Helping hands for Hawksbill Turtle
Tuesday, August 9, 2011
WIRES on the far south coast of NSW took a rescue call about a beached turtle. The turtle had already been returned to the water by a kind local, but had beached itself again. Two WIRES rescuers, Felicity and Emma went out and found an exhausted and injured Hawksbill Turtle.
Hawksbill turtles are listed as vulnerable on the Australian national threatened species list. He was worn out and had two deep puncture wounds on the back of his neck, possibly a seal or shark bite. The wound was infected and when first in care the turtle was too debilitated to even lift his head.
Experienced WIRES carer, Janine, took on the care of this amazing creature and immediately contacted Australian Seabird Rescue (who have a lot of experience with turtles), and Underwater World for advice. In her living room the turtle was placed in a small swimming pool in sea water heated to and maintained at 25 degrees. On advice, his wounds were treated with an antibacterial wound spray, injected with anitbiotics and given intraperitoneal fluids. All thought his chances of survival were not good - however the next morning he was still alive.
Of major concern was the possibility that he had ingested plastic. Perhaps that was the reason he was attacked and outside his normal range. Turtles often swallow plastic that humans have thrown away as they eat jellyfish as part of their diet and a floating plastic bag looks like a jellyfish. If they take too much on board this is fatal. The best way to tell is to watch his waste. If he is able to pass a 'poo' there is a good chance his insides are not clogged up and he stands a chance of recovering.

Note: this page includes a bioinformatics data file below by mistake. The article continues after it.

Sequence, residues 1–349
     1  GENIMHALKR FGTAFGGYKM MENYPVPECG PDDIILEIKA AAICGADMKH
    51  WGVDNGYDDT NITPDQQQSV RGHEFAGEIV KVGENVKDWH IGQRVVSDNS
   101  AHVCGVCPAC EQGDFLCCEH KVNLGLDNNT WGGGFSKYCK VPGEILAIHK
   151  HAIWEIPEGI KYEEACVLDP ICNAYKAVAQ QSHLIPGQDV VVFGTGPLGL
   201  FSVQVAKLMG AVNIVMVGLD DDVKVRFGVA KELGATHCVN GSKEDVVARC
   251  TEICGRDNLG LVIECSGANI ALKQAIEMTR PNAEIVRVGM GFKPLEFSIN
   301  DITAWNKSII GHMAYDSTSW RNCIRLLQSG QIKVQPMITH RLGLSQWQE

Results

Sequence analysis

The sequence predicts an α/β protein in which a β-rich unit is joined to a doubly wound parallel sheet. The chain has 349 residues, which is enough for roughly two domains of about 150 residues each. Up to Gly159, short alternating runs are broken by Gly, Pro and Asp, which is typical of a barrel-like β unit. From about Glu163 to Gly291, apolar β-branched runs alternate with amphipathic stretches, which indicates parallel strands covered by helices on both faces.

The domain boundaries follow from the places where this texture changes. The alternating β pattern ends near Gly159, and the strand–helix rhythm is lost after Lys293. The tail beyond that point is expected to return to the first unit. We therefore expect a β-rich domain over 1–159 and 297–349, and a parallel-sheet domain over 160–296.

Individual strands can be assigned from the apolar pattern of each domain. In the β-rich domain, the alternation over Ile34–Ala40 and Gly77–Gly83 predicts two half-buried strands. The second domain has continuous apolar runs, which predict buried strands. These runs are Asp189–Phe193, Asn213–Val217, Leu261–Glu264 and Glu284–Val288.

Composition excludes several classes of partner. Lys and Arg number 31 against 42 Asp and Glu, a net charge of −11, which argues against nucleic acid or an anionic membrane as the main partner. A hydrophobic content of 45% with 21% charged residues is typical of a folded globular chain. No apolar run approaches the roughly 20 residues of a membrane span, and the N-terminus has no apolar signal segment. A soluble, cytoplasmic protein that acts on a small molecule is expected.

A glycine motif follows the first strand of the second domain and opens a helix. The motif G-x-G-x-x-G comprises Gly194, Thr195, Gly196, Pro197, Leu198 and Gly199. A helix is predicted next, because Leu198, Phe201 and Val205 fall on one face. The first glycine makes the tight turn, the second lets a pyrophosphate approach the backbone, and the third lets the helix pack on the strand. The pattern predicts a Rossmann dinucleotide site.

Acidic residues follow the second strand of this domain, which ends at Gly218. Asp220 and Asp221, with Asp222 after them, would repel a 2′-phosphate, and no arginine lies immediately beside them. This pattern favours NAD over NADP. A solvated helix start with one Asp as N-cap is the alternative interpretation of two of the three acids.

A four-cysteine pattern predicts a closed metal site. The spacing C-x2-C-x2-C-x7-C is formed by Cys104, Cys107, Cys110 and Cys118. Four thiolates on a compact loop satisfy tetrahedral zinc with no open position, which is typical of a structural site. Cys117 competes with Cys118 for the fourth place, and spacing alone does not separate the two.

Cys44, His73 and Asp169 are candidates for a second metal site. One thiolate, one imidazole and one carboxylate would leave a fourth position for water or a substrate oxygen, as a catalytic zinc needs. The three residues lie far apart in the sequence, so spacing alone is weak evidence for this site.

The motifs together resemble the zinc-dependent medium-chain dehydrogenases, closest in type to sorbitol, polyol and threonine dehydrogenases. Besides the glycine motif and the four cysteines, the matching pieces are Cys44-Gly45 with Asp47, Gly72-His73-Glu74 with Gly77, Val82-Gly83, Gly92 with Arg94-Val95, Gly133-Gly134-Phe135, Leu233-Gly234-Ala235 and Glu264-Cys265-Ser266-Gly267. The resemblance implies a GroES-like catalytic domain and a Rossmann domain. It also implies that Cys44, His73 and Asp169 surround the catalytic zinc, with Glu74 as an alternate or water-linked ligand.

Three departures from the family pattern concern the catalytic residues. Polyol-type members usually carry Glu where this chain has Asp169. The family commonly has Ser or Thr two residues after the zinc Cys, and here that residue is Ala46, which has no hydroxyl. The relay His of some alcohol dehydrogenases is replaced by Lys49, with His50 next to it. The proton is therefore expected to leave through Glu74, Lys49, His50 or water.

Over the first 5 days in care he has showed improvement each day. Fresh seawater had to be collected daily, heated on the top of the stove to the required temperature and maintained with the use of a thermostat. He was by now swimming in his pool and lifting his head easily. However Janine was still on poo watch and very concerned. The wound was beginning to heal.
On the sixth day in care he was transferred to Merimbula Aquarium for short periods so he can swim in a bigger tank and gain more strength. To everyone's great delight that afternoon he poo'd. It was collected into a bucket and carefully checked – no plastic and no build up of sand. Fantastic news.
Every day now he is gaining more strength but has still not eaten. The Aquarium is tempting him with umbrella jellyfish, sea sponges, squid and mussels.
Recent update: He has now eaten and has been moved to a larger tank in the local acquarium. Janine has continued to visit on a regular basis to give him antibiotics and further care. He will spend the rest of winter in the aquarium and be released when waters warm up, possibly up north as they are normally not found much further south than the northern area of NSW.
WIRES dedicated carers spend many hours helping native wildlife in their own time.Think about a regular donation to WIRES to help us, help injured wildlife, just $20 per month can make a difference.
Many thanks to WIRES Far South Coast and Judy Dickmann for this story and photo's.